The chief of Russian Roskomnadzor Alexandr Zharov believes online cinemas in Russia should be regulated in the same way as is regulated traditional TV in Russia. “I believe streaming video-services are another step in development of (traditional) TV broadcast and (nontraditional) TV broadcast. Therefore it is necessary to work over the issues how to regulate near traditional TV.” Media-communication Union developed a draft law to regulate work of online cinemas in Russia.
Under this draft only Russian legal entities or citizens have the right to organise and operate audiovisual services in Russia. These persons must notify Roskomnadzor about their work and Roskomnadzor will register all such services. Owners of audiovisual streaming services would also be obliged to delete users’ data about their personal life at their request, they must not disseminate information prohibited by law, they also must provide access to content within entire country. Not less than 80% of streamed content must be in Russian language and not less than 30% of all catalogues must consist of Russian movies and serials. Such services must fight piracy by way of providing access only to products of mass media, movies and video movies with permission on dissemination. But rules don’t cover services allowing users to upload their content.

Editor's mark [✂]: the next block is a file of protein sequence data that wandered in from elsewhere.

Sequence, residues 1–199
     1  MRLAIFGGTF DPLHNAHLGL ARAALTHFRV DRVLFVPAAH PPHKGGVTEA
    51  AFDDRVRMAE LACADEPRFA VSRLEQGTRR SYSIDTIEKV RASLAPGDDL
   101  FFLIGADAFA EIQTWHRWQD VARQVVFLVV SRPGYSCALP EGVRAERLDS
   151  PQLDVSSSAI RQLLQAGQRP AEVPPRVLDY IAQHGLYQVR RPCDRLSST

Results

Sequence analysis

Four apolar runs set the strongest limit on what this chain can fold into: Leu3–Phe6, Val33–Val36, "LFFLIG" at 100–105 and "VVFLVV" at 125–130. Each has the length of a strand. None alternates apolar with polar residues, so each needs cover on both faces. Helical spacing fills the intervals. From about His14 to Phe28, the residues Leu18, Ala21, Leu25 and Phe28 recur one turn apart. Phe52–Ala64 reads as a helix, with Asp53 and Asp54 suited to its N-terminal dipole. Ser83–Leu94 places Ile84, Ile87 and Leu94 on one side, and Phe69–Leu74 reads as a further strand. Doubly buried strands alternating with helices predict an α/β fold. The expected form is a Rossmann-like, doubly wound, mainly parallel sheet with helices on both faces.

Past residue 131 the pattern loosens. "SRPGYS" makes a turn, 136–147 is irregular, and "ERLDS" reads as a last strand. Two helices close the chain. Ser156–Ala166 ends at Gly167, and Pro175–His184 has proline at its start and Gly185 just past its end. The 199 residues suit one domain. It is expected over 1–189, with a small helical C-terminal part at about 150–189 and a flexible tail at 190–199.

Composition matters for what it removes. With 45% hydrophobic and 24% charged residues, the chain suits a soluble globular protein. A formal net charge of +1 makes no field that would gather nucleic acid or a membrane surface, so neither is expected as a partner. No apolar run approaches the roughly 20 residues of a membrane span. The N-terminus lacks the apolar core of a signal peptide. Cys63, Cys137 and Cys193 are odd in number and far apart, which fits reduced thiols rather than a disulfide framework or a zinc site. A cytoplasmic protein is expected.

If the service does not comply with proposed law, communication operators can block access to such service. Service also can face a fine up to half million Russian roubles in a case if Roskomnadzor will be not notified about service’s work in Russia. This draft law has been developed by order of Alexandr Zharov, perhaps that’s why he endorsed it but mentioned – it is not final decision, the work is going on. But not all industry is agreed with Zharov. CEO of association “Internet Video” Aleksey Birdin believes this draft law does not comply with state policy intending to decrease supervision functions.
But advisory council under Russian government believes current legal framework provides enough opportunities for control over online cinemas and music services. Toughening of law puts investments in such services under question and will cause loss for state budget up to 10 billion roubles in year in form of taxes. Introduction of “excessive and flawed” regulation will lead to restriction of competition and will cause substantial decreasing of economic efficiency and investment attraction of OTT-services. “It will negatively affect related industries in national economy. Russian film industry will lose new channel of distribution, communication operators will lose traffic and state will lose tax payments.” Such situation will benefit pirate services. Regulation approaches for OTT-services and traditional broadcast services must differ due to fundamental differences in technologies and business models.